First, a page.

What if you could create an item of clothing or jewelry with medicinal properties that would help fight cancer? Or develop a building material that repaired itself or began biodegrading at a prescribed moment?
These ideas might seem far-fetched, but around the world synthetic biologists, designers, researchers—even developers, are hard at work on giving life to these ideas, and others like them, through a process called biofabrication.
At its most basic level, biofabrication is about manipulating the tiny computational engines that exist within living cells, and using them to either generate new behaviors at the cellular level, or to generate materials with desired properties. UK fashion designer Suzanne Lee’s TED talk provides a good example of some of the applications.
Biofabrication is burgeoning with potential and many of those involved, or who are keen to be so, are in New York City today for the first annual Biofabricate conference. Among those on hand are a few folks from Microsoft.
The event is the brainchild of Lee, with the help of Microsoft Entrepreneur in Residence, Tereza Nemessanyi. Nemessanyi makes it her job to tap into the trends within the start-up community and biofabrication was something that seemed especially interesting. At its fullest potential, Nemessanyi says that biofabrication could have implications for the whole gamut of tech trends, from wearables and sensors, to the Internet of Things and cloud computing.
Nemessanyi says that the companies that are involved in biofabrication are “creating the pickaxes and shovels for tomorrow’s gold rush.”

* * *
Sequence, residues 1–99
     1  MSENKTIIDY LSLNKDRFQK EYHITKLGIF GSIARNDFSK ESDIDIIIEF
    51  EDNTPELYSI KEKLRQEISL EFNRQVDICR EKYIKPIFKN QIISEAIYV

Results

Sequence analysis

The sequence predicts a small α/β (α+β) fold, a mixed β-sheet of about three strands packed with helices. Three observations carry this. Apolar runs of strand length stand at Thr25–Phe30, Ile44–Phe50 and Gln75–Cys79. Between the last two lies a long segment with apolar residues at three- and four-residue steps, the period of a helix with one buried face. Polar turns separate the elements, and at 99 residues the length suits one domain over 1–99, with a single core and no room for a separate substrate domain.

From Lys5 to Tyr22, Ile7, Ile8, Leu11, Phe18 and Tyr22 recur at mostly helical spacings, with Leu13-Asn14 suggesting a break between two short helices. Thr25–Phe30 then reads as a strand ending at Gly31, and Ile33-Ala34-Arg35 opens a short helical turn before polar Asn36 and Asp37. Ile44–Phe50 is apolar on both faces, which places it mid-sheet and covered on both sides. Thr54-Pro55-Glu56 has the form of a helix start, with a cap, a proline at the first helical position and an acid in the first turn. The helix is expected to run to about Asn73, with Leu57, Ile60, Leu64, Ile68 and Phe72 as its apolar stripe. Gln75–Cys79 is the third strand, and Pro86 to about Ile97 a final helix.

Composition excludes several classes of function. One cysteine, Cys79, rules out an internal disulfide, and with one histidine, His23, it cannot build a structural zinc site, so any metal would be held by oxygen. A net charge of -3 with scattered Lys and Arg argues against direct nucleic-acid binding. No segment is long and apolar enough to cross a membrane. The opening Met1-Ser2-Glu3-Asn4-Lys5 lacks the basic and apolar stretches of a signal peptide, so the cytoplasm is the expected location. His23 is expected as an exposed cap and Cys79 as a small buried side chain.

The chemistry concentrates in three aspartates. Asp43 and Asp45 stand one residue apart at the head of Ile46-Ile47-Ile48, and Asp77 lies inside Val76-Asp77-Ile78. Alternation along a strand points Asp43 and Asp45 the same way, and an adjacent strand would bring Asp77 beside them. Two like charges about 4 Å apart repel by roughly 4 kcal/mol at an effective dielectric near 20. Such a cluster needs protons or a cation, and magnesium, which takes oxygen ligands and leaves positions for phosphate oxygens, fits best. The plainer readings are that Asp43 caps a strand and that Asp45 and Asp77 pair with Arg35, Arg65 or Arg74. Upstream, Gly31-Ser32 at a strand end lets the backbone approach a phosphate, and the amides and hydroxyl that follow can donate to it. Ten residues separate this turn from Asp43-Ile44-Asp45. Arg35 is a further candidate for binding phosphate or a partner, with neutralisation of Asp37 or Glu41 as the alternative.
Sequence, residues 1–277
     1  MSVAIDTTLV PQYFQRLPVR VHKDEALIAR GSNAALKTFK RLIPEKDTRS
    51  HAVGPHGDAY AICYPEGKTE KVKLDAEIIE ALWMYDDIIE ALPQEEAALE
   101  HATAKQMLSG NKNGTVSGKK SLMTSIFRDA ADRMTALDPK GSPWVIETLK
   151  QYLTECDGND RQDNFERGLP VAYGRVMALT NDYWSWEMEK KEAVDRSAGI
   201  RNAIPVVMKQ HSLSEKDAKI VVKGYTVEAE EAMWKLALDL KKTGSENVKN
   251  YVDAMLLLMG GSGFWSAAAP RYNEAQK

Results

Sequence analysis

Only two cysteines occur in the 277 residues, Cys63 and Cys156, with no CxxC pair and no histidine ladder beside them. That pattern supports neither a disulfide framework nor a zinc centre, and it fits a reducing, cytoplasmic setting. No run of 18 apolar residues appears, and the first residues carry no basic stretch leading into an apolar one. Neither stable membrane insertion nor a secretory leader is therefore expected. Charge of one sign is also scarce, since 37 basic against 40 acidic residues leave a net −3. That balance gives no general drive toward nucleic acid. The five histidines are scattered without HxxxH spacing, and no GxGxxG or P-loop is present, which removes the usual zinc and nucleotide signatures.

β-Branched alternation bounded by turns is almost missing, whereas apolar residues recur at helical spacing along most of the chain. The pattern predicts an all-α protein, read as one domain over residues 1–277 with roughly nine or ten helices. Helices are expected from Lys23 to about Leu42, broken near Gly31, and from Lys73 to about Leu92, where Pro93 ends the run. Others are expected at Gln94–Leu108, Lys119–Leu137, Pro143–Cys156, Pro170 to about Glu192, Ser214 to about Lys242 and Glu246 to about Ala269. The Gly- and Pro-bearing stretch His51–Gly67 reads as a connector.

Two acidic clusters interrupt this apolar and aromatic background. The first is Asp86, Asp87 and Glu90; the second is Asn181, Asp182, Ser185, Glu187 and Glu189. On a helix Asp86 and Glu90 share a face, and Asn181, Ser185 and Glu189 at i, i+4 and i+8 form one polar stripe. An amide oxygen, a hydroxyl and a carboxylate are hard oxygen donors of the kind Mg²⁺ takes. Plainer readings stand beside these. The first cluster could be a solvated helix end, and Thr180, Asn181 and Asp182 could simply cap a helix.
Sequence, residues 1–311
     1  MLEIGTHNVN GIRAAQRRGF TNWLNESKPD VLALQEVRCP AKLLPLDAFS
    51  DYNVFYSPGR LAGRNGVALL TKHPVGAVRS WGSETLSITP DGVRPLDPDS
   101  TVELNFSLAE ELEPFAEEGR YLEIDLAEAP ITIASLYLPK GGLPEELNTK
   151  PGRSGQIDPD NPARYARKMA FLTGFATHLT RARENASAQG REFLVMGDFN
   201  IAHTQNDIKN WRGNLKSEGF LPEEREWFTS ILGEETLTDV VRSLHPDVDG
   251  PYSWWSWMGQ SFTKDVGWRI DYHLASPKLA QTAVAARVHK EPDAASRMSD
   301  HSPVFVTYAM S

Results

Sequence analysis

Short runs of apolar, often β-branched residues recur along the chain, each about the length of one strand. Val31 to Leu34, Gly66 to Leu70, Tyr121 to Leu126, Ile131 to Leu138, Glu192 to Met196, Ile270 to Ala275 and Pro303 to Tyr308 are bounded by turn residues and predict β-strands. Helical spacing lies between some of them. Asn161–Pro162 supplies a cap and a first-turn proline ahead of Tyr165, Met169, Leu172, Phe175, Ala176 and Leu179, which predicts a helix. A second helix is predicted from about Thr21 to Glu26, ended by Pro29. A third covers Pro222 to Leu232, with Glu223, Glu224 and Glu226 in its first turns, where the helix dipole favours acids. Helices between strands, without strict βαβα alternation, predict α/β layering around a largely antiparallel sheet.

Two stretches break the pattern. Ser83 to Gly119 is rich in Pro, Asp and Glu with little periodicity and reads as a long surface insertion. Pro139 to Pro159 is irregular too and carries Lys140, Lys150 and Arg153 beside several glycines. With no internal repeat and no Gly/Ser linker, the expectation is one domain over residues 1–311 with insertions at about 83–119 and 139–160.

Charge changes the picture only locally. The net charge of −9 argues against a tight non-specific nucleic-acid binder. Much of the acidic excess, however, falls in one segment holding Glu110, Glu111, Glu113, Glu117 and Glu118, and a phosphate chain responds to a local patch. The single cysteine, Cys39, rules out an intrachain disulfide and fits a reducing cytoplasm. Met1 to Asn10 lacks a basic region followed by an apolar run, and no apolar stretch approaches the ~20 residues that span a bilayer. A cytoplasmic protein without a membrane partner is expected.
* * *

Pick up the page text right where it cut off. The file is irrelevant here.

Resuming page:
Andrew Phillips’ work likely falls in that category. Phillips, who heads up the Bio Computation group at Microsoft Research’s Cambridge lab, is presenting at Biofabricate on some of his team’s latest work, which is all about developing algorithms and software tools that his team and fellow biologists could use to reprogram DNA and create more complex behaviors in living cells.
Among the tools that the Bio Computation team created is a simulator that takes a step toward enabling synthetic biologists to engineer DNA code.
Phillips describes his research as expanding Microsoft’s expertise in silicon-based computing and software programming experiences to include biological computing and the reprogramming of DNA. Essentially, it would be like creating the computational biology version of Visual Studio, the company’s software development tool.
The possibilities have captured the attention and imagination of a lot of people, including Asta Roseway, Principal Research Designer at Microsoft Research, and designer of the Printing Dress. For her part, Roseway is especially curious about how biofabrication could impact wearable computing and bio feedback. Joining Roseway at the event is Microsoft Research Visiting Artist, Erin Smith.
Most recently, Smith turned heads with the creation of a wedding dress made of fungus. Since joining Microsoft Research, she has turned her attention to combining wearable computing with biofabrication to create devices that offer certain health benefits. Smith’s work is a speculative design study intended to provoke conversation around this speculative future in terms of design, use, and possible implications of bio integrated wearable devices.
To this end, Smith is displaying some of her work at Biofabricate, including an amulet designed to help fight cancer.